7. Jill June 7, 2015 at 10:26 am #

    @Emily Leaf green! Yes, that’s brilliant! People identify various causes with their assigned colors: pink for breast cancer awareness, yellow for the Livestrong program’s cancer awareness in general. Green would be great for Free Range Kids.
    (I have a black bracelet that identifies me as a taphophile because I totally am one.)

  8. ChicagoDad June 7, 2015 at 10:48 am #

    Awesome! And kudos to Pat for coming up with a great idea and making it happen. That is so admirable!

    Here’s a suggestion for Jill and anyone else who buys a bracelet and is worried about experiencing what the Meitivs went through: have the phone number for your family’s attorney engraved on the inside of the metal band of the bracelet.

  9. Emily June 7, 2015 at 11:03 am #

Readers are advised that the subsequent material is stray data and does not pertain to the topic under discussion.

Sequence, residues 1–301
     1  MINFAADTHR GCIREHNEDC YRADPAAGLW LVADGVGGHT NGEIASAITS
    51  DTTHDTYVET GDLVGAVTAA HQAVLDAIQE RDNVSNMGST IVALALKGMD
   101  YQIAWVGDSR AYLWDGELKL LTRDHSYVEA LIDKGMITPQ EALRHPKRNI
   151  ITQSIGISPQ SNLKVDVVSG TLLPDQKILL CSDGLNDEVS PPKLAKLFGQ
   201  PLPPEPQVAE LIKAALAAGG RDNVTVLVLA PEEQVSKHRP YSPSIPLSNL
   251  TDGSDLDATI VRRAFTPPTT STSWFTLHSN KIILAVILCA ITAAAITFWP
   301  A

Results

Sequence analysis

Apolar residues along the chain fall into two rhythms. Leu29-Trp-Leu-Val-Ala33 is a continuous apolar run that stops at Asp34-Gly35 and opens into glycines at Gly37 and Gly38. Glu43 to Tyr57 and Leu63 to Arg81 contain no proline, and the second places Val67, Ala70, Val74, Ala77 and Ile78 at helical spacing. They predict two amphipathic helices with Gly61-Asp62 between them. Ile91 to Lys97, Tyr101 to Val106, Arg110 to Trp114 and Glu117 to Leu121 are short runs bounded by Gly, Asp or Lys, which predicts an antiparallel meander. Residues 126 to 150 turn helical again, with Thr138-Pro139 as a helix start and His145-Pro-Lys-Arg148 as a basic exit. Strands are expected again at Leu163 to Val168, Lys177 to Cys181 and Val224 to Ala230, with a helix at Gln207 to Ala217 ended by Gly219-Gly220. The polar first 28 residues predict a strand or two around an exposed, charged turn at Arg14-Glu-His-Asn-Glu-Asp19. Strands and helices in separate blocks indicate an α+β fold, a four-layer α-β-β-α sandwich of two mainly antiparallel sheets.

Thanks, Jill. I also forgot to mention, green is gender-neutral, so it eliminates the implied “pink for girls, blue for boys” gender divide, which would mean that a green bracelet could be handed down to a younger child of either gender, or borrowed by a sibling or friend of either gender, without any “but pink is a GIIIIIIRL COLOUR!!!!!” push-back–and that’s just with cisgender children, not even touching the fact that some people in this world don’t fit neatly into the tidy little boxes of “male” and “female.” Also, it’d probably be cheaper to make a big batch of green bracelets than two smaller batches of pink and blue bracelets (once the pink and blue ones run out, of course), and knowing Lenore, she’d pass the savings on to the consumer.